I found a fleece as a remnant at Jo-Ann’s and it had pink prettiness written all over it. I used Simplicity pattern 5316 , but modified it some. I used an Anna Maria Horner print (one of the prints that came in the fabric stack) to make the pockets and to line the hood (the pattern doesn’t call for lining the hood, but I wanted the fun contrast).
It’s an easy pattern to follow, and even if you’ve never done a separating zipper, the directions walk you through it very well (it had been a few years since I did one). It gets mighty bulky at the bottom, but just solider through it and even if it’s slightly crooked, it will still be okay.
So, let's all channel spring and the amazing stories of women throughout history. And maybe go make a pretty spring jacket for yourself (or your kid) if you don't have one! It will make you happy, I promise.
I’ve already blogged over at the site of my colleague, Kelly Watson, about how Anna Maria Horner’s Amazon video for Handmade Beginnings totally sucked me in (and led me to create my own video)! On the video, Horner features the Mariposa Dress (and she is wearing it in the book). I knew at first glance that I absolutely HAD to make it. After all, since I was already pregnant, the timing was perfect!
I was intimidated by the pattern sheets at first, because there are multiple pattern pieces printed over top of each other. But it’s all color-coded, so actually, it was very easy to trace and keep track of. I make all of my pattern pieces out of Pellon Tru Grid because it’s easy to see through and work with. I decided to make the dress (not the tunic) and to follow the maternity directions (obviously). There is also an option to just make it an empire waist, without the extra space for a belly (in which case it still serves as a great nursing dress). The sizes are somewhat limited: it’s either small/medium or medium/large. (I chose medium/large, and when not pregnant, I wear either a size 8 or 10.)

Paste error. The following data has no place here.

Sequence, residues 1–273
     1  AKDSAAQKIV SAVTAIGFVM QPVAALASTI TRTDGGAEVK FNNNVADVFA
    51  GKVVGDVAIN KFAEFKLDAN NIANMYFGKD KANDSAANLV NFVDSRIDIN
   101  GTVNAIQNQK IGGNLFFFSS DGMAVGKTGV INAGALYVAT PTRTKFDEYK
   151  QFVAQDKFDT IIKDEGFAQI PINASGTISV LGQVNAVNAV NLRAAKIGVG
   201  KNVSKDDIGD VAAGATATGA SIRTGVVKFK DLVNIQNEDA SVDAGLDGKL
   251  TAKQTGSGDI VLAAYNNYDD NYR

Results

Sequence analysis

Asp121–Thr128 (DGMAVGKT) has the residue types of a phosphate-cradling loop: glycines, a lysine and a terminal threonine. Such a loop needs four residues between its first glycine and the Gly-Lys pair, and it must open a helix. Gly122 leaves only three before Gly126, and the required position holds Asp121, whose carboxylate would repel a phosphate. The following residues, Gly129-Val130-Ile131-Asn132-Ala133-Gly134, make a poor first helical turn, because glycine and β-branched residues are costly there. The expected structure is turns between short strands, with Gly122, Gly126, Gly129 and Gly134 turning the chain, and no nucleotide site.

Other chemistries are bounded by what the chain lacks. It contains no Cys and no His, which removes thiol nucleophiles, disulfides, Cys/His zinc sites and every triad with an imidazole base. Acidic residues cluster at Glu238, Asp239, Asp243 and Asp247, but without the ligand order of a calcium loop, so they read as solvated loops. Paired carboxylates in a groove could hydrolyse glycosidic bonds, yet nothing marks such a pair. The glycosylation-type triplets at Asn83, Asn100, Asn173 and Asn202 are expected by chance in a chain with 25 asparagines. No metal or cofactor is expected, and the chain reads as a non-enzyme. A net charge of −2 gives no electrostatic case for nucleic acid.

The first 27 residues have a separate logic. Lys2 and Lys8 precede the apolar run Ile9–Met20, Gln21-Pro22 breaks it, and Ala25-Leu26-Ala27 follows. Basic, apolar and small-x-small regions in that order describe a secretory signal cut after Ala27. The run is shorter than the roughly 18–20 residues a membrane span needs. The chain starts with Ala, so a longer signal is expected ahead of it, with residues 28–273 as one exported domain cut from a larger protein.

I found the directions very clear. The only thing I had to take a second look at were the directions for shaping and cutting the rectangles for the bottom of the dress. You fold them to shape them (so you can shape both sides at once), but then you have to unfold them to cut, and then cut the whole rectangle on the fold. It seems obvious now, but at first I thought you were supposed to leave them folded in half to cut (something about the wording of how to place it on the fold confused me for a minute, but of course, it wouldn’t make sense to leave them folded to cut).
The wrap ties—which I adore from a design perspective—are nonetheless a pain in the butt to work with, especially because they are constantly in the way. But such is the price for loveliness! Just take your time with them.
I decided to make mine sleeveless (since it’s 10,000 degrees outside this summer) and I brought the arm holes in slightly. This added a bit of bulk at the shoulder seam, which I didn’t think through; I wish that I would have adjusted the spacing of the box pleats. But it’s not really a problem.
I just finished the armhole edges with pre-made bias tape, since I wasn’t in the mood to make my own.
It’s a bit short, so I just took the scantest of hems. If you’re tall (I’m 5’ 5-1/2”), you probably want to add more length (she does give you finished dimensions, so you can measure ahead of time and figure out your length).
Wearing the dress at CHA
There is definitely room for a pregnant belly in this dress! I’m 35 weeks (and in no way small), and I wore it this past weekend at CHA. I actually got lots of compliments on it! I hope that I can still wear it after I have the baby; I’m worried it will be too long in the front, but I love this dress so much, I don’t want to give it up! The modesty panel (which comes together very easy) makes it ideal for nursing, so I definitely plan to make the tunic version after the baby comes.